Owners of units in collapsed Miami tower late in contributing for major repairs


Owners of units in a Florida oceanfront condo building that collapsed with deadly consequences were just days away from a deadline to start making steep payments toward more than $9 million in major repairs that had been recommended nearly three years earlier.

That cost estimate, from the Morabito Consultants engineering firm in 2018, meant owners at Champlain Towers South were facing payments of anywhere from $80,000 for a one-bedroom unit to $330,000 or so for a penthouse, to be paid all at once or in installments. Their first deadline was July 1.

One resident whose apartment was spared, Adalberto Aguero, had just taken out a loan to cover his $80,000 bill.

“I figured I would pay it off after they fixed the building. I didn’t want to pay it off before because you never know,” said Aguero, adding that he pulled paperwork to make the installment payments a day after Thursday’s collapse. “I said cancel everything.”

An itemized bill sent by the condo board in April to owners of the building’s 136 units showed that much of the planned work was in the pool area and the façade. Installing new pavers and waterproofing the pool deck and building entrance would cost $1.8 million, with another $1 million going to “structural repairs” and “planter landscaping,” according to a condo board email obtained by The Associated Press. A line item of “miscellaneous repairs” that included work on the garage was estimated to cost $280,000.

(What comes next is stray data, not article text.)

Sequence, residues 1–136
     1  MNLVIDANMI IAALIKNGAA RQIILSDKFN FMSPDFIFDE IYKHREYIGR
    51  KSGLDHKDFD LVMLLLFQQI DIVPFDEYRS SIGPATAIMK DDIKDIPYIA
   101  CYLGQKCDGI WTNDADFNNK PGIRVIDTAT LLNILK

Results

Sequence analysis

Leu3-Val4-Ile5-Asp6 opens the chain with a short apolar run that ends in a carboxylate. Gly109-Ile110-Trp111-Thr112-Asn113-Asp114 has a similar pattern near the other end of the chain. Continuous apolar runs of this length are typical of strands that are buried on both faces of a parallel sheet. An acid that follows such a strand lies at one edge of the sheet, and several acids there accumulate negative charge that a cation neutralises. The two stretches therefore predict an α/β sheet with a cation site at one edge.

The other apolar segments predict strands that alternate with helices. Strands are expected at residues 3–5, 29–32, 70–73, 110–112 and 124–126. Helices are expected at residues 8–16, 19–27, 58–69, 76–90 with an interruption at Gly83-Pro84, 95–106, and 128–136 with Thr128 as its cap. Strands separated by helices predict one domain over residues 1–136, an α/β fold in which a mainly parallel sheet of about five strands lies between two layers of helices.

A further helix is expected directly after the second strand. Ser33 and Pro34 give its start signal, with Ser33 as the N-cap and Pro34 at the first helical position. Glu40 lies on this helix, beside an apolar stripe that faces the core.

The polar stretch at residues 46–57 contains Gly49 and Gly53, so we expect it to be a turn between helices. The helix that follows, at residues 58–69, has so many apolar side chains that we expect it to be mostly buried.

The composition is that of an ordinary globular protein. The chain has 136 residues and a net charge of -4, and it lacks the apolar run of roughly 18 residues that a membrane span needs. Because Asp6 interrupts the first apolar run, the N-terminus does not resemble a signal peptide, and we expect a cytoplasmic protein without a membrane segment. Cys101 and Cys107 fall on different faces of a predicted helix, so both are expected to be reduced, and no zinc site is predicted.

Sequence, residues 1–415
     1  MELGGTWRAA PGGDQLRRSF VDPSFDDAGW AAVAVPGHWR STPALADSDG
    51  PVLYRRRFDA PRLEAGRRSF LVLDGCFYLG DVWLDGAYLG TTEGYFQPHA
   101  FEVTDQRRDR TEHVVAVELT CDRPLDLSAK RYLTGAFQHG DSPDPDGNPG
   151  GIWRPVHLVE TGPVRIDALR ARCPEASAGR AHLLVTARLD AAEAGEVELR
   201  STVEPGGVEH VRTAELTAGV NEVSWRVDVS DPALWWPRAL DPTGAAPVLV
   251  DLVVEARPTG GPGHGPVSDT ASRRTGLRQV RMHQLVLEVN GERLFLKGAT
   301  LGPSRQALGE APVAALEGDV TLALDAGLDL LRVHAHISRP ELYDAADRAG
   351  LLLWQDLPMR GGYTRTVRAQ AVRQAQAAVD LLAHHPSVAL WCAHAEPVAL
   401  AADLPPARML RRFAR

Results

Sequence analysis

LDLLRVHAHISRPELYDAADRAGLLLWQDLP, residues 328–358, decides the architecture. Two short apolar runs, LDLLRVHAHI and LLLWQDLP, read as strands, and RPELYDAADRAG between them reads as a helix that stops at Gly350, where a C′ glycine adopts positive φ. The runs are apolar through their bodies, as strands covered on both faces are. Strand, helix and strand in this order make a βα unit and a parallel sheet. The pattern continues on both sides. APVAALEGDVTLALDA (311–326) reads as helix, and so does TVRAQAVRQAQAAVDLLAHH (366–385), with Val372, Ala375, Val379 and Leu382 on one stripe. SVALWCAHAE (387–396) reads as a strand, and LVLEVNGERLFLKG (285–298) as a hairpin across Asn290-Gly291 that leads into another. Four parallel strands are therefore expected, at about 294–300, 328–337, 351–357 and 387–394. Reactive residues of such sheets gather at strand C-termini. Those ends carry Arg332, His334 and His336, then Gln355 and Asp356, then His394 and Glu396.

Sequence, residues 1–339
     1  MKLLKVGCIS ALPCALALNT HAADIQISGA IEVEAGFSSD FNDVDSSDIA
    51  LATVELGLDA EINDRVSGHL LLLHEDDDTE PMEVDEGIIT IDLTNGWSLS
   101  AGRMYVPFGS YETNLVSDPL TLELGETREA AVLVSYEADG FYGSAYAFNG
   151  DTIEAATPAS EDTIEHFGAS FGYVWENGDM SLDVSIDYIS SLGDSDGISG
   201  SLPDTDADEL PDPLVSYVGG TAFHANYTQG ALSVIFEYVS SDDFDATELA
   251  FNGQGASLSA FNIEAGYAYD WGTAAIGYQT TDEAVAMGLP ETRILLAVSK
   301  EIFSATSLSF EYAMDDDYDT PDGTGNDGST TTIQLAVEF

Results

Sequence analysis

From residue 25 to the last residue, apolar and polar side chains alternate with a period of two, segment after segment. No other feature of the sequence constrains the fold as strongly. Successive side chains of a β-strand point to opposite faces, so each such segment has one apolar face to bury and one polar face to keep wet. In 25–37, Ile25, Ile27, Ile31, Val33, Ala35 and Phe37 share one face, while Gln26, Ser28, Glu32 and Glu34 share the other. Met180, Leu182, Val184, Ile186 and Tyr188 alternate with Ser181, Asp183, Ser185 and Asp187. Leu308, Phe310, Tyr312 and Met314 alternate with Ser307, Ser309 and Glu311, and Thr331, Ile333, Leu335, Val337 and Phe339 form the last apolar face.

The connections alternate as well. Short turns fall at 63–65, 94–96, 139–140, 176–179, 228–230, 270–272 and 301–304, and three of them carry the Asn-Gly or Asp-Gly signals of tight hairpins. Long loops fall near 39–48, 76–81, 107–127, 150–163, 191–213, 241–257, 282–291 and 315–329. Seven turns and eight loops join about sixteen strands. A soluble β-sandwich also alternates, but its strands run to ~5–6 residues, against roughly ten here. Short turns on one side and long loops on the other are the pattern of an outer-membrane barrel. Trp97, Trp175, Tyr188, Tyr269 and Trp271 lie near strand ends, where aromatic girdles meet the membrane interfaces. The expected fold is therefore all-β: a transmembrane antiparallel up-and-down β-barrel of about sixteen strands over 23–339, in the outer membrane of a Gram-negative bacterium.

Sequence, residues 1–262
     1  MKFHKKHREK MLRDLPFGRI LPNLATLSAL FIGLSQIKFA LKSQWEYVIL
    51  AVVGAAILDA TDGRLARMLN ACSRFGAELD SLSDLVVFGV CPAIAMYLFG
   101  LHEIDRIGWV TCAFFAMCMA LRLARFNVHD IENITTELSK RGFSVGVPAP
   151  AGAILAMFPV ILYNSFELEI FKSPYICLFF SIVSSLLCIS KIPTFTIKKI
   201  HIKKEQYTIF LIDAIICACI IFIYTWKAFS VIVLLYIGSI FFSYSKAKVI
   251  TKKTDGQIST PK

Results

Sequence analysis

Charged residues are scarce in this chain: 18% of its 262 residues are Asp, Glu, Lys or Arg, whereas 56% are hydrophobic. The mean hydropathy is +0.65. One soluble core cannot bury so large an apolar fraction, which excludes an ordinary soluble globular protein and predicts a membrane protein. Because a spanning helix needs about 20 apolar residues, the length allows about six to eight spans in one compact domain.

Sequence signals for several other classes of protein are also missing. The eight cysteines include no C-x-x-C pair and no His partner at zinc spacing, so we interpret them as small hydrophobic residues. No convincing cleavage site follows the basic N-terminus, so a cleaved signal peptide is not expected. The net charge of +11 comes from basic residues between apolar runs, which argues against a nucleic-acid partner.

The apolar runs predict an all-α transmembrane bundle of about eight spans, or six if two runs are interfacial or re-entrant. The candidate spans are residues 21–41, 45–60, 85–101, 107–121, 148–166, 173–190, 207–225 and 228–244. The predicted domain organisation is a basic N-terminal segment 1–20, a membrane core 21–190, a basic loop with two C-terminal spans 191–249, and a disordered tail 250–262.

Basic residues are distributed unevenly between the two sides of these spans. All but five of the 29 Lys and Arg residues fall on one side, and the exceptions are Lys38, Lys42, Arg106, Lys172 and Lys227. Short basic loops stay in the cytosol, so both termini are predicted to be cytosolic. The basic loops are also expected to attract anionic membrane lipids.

Total costs assessed, including many items that appeared to be for aesthetic purpose: $15 million.

Engineers and construction experts say the Morabito documents that focused just on the structural work make clear there were several major repairs that needed to be done as soon as possible. Other than some roof repairs, that work had not begun, officials said.

The cost estimate emailed by Morabito Consultants to Surfside officials was among a series of documents released as rescue efforts continued at the site of the collapsed building, where more than 150 people remained unaccounted for. At least nine people were killed in the collapse, authorities said Sunday.

Another 2018 Morabito report submitted to the city said waterproofing under the pool deck had failed and had been improperly laid flat instead of sloped, preventing water from draining off.

“The failed waterproofing is causing major structural damage to the concrete structural slab below these areas. Failure to replace the waterproofing in the near future will cause the extent of the concrete deterioration to expand exponentially,” the report said.

The firm recommended that the damaged slabs be replaced in what would be a major repair.

That came as news to Susana Alvarez, who lived on the 10th floor of the doomed tower and said a Surfside official assured residents in a 2018 meeting that there was no danger. It wasn’t clear who that official was.

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